mummified Osiris. Much evidence demonstrates that Egyptian embalming is religious in

origin, and was conceived as a means of preparing the dead for the life after death. Entering

the afterlife to be with Osiris was of great significance to every Egyptian.

Ancient Egypt s literature clearly demonstrates the influence of religion in relation to the

afterlife. Ancient Egyptian literature is characterized by a wide diversity of types and subject

matter. It dates from the Old Kingdom (about 2755-2255 BC) into the Greco-Roman period

(after 332 BC). Some of the best-known pieces of Ancient Egyptian literature that best illustrate

the society s religious beliefs. One of these, Hymn of the Nile, exalts the Nile River as a deity

or god. Ancient Egyptians viewed the Nile as a source of renewal and rebirth. It was from the

Nile that Osiris emerged from death and resurrected, thus giving significance to their belief in

resurrection and afterlife. Another piece, The Story of Sinuhe the Egyptian provides a

demonstration of the importance of the afterlife. Sinuhe is depicted as a typical Egyptian,

concerned with the proceedings of his burial. Far from his home in Egypt, Sinuhe must return to

his motherland to gain passage to the afterlife because a messenger was sent by the king to remind

Sinuhe of the urgency to return and be properly buried. In the Story of Sinuhe , the quote, Be

mindful of the day of burial, of passing to a revered state! (39), is a reminder to Sinuhe of the

guidelines by which one enters the revered state or afterlife. Through this story one can see

how important it was to the Ancient Egyptians to reach the afterlife. A third piece of Ancient

Egyptian literature also emphasizes the strong belief in an afterlife. The Egyptian Book of the

Dead (about 1310 BC)(a title given to a large collection of funerary texts of various dates)

contains magical formulas, hymns, and prayers believed by the ancient Egyptians to guide and

protect the soul (Ka) in its journey into the region of the dead. The title “Book of the Dead” is

misleading; the texts do not form a single connected work and do not belong to one period.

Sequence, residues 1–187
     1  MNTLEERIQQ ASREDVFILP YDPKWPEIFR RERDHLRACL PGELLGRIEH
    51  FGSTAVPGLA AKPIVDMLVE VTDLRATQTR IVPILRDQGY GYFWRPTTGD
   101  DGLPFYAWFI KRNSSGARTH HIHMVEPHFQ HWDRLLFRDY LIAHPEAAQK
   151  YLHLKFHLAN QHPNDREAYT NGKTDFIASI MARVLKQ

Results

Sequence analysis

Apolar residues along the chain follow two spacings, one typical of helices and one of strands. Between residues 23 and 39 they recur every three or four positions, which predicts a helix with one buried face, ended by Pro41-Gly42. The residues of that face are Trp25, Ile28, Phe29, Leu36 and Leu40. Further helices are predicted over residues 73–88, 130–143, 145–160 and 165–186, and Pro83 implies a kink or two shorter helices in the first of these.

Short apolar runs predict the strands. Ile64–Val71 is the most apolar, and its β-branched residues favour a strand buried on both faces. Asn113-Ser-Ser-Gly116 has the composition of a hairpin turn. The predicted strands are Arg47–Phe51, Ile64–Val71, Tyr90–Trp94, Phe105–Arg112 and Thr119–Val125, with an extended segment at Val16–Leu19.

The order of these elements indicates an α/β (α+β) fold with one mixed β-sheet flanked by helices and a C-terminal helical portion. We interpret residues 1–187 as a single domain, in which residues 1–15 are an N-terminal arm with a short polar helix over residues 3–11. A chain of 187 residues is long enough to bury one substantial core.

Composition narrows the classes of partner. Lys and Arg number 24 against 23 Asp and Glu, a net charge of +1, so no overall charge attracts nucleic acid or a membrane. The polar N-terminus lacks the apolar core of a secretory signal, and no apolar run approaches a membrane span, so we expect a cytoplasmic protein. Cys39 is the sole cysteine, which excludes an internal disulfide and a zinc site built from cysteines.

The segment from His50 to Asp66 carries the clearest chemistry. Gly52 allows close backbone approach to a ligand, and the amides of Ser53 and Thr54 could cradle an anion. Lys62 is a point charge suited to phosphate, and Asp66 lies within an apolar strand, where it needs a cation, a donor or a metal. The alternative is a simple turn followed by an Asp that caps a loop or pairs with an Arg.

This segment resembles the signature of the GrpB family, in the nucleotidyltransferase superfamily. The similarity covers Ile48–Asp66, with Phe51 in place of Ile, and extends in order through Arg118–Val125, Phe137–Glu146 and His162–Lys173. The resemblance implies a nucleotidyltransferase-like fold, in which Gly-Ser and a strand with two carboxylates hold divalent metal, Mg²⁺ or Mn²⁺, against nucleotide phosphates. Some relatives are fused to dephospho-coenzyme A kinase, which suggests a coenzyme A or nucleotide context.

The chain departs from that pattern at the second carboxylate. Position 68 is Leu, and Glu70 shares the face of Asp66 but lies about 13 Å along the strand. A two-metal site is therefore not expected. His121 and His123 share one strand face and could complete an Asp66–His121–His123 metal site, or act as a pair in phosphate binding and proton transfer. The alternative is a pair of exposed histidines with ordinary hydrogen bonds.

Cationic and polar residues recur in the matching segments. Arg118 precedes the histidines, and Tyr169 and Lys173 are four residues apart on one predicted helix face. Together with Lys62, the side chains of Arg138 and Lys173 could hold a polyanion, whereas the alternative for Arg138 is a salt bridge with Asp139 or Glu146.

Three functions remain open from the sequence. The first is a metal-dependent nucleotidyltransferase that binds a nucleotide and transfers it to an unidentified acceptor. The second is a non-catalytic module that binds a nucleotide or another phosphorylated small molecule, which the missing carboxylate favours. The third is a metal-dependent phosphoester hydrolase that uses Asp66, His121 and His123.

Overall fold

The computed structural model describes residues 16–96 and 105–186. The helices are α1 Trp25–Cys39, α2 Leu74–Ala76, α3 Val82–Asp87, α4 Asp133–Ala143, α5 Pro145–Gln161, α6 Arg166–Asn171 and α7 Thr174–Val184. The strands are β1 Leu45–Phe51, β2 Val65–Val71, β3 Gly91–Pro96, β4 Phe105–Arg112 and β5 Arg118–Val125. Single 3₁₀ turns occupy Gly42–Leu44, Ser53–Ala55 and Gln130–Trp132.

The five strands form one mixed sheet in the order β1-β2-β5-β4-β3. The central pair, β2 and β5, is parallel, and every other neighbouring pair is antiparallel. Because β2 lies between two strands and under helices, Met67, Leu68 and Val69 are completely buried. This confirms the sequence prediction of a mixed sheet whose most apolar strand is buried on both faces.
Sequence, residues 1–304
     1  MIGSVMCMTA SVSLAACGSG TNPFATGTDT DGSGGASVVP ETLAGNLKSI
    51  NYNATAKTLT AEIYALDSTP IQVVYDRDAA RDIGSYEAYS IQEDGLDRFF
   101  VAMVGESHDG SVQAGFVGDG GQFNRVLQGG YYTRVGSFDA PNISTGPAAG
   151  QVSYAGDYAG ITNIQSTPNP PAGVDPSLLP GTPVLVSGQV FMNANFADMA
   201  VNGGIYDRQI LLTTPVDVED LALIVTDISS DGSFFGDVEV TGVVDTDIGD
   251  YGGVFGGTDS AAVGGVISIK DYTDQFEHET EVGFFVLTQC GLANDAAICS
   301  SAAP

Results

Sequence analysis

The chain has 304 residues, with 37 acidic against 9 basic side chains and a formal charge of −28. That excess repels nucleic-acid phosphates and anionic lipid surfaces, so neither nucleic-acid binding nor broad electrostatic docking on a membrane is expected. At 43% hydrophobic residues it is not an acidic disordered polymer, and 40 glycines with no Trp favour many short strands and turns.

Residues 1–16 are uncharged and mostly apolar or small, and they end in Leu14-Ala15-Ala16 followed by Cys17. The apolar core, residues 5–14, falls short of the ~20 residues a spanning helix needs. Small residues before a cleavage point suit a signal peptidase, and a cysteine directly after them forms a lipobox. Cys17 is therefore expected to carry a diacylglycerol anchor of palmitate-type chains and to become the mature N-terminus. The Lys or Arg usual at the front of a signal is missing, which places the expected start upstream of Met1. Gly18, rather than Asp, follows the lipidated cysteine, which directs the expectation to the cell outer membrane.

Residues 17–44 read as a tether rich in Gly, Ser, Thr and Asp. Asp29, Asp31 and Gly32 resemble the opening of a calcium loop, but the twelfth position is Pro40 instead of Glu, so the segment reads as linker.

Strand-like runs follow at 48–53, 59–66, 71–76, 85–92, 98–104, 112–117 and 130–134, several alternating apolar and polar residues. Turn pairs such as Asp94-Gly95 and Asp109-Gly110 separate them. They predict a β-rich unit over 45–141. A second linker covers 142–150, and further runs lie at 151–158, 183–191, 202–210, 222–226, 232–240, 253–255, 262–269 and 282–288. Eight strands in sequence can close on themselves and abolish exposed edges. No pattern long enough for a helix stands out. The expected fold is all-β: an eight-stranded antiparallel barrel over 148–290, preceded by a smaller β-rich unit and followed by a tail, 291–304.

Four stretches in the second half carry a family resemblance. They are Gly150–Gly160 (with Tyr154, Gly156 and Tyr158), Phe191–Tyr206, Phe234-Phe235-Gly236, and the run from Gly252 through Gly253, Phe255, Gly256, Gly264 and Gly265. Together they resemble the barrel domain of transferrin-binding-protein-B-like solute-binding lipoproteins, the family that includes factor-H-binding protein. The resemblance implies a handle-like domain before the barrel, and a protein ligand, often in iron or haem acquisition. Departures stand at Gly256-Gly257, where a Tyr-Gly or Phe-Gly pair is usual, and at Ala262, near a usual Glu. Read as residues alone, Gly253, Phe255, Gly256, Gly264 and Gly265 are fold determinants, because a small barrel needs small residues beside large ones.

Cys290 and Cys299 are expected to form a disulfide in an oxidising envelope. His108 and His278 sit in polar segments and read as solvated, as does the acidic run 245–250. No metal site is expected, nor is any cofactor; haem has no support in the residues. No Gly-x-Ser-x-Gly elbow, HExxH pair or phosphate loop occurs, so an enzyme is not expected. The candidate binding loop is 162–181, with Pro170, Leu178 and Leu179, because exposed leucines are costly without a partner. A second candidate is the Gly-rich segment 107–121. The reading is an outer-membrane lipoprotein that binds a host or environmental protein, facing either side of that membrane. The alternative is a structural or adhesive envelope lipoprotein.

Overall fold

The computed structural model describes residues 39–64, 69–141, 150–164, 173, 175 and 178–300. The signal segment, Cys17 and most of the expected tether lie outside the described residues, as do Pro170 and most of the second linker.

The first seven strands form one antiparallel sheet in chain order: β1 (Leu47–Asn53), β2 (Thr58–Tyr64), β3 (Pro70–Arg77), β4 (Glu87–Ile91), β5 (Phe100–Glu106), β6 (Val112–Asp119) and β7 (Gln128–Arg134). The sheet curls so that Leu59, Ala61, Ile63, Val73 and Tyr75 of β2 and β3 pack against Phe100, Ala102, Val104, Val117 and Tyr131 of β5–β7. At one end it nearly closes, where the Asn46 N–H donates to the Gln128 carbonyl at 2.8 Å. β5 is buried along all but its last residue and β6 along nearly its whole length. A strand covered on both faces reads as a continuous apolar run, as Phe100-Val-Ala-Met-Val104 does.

Egyptians believed that the knowledge of these texts enabled the soul to ward off demons

attempting to impede its progress, and to pass the tests set by the forty-two judges in the hall of

Osiris, god of the underworld. These texts indicated that happiness in the afterlife was dependent

on the deceased’s having led a virtuous life on earth. Proof of a good and just life was needed.

Ancient Egypt s interpretation of the significance of life after death is quite evident in their

religion and literature. Egyptian religion was the foundation or basis for their belief in an afterlife,

and their literature illustrated how important that belief was to Ancient Egyptians. They placed

much value on the passage to the afterlife. Their religious beliefs provided meaning to the

customs involved in embalming and burial in order to reach the afterlife. They readily carried out

their customary beliefs in their everyday lives, and strived to reach the other world. As they

remained focused on their goal of reaching the great Osiris in the afterlife, Ancient Egyptians

recorded their beliefs and rituals in literal form. Through this we are able to get an insight into

their life and how they lived for the reward of it in the next world.

Work Cited

Interdisciplinary Studies Staff, ed. The Story of Sinuhe the Egyptian. Ancient Legacy of the

Modern World. New York: American Heritage, 1996. 35-42.

344